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Thursday, March 21, 2013

No Movie Review


As crazy as politics are here in America, it's the height of sanity when compared to Chile in the 1980s. In the latter part of that decade, after 15 years of General Augusto Pinochet's reign of endless kidnappings, beatings, and murders, the international community convinced the general to hold a general election. Why he agreed remains a mystery to me and Pablo Lorrain's "No" does little to resolve this mystery. However, it does present a charming look at how that political campaign unfolded. Despite the seriousness of the topic, Lorrain manages to entertain while educating us.


René Saavedra (Gael García Bernal) was an advertising man who became the unlikely foil to Pinochet. He is in charge of getting the populace to vote No on the referendum, in an effort to bring down the general. His tactics run counter to what others on his side believe to be the correct method to achieve their goal. While they want to run negative ads and smear Pinochet with as much as possible, Saavedra's plan is to go positive by using rainbows and smiley faces in his campaign. It seems incredibly illogical and certainly bears no resemblance to campaigning in the United States. "No" primarily focuses on Saavedra's campaign and the reactions and results that it brings.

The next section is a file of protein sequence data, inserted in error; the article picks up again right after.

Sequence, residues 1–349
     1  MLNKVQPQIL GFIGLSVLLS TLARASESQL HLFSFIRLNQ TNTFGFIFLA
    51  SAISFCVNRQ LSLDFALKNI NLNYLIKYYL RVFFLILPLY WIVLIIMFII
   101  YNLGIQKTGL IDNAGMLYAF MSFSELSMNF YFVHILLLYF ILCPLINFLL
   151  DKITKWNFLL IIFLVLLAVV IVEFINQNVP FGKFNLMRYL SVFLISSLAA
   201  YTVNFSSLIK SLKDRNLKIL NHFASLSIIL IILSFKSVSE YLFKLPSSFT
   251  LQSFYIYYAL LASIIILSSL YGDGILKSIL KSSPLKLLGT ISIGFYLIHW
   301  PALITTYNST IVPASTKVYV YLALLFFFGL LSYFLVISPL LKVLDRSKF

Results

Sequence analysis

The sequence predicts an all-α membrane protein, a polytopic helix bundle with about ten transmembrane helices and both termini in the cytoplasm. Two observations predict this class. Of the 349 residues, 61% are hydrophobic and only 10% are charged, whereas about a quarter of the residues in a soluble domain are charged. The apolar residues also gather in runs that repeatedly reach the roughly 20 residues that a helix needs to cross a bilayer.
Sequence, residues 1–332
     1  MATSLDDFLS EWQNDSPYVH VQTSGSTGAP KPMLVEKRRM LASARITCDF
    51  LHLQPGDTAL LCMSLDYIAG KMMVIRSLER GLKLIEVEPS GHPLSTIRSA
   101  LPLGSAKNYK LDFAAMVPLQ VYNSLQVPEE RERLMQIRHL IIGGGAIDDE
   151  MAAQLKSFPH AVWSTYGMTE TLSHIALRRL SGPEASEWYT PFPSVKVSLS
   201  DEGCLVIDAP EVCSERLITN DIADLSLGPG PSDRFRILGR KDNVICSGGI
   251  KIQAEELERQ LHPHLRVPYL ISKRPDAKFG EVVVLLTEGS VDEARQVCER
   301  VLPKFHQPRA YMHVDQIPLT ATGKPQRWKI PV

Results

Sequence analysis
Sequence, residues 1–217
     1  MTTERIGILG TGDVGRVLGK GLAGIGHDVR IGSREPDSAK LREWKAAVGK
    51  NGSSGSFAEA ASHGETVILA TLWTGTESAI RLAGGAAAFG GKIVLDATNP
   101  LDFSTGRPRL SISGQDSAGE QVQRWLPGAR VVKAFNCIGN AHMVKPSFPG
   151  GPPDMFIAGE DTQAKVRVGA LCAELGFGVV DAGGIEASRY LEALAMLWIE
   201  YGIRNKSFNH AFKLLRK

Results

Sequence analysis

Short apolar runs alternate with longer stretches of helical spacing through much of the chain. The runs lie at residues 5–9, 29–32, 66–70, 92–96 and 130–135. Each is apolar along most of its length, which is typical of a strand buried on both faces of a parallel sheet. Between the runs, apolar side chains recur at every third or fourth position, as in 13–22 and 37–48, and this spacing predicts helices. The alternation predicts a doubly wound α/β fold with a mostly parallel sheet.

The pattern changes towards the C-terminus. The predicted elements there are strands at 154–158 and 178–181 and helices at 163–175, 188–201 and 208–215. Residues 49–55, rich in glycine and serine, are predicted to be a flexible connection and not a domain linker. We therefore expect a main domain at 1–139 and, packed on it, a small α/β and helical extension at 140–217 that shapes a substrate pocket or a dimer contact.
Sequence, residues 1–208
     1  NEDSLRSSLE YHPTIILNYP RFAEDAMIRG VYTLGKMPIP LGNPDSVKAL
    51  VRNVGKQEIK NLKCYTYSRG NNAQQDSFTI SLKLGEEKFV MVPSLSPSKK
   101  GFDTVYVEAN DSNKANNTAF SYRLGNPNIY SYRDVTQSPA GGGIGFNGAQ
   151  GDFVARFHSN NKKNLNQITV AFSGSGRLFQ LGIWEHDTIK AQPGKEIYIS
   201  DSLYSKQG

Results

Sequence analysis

The story follows a sometimes anticipated path, with slight detours interspersed throughout. By the time we reach the final results of the campaign, it is difficult not to be somewhat enthralled by all we view here.

However, despite "No" being a fun watch and a serious examination of a very heavy topic in Chile's history, the decision to shoot the film in a grainy way in order to mimic the technology of the era, serves as a distraction rather than as a dose of realism. "No" is good filmmaking, but it falls short of greatness. It's worth seeing, though. Just say yes to seeing "No".

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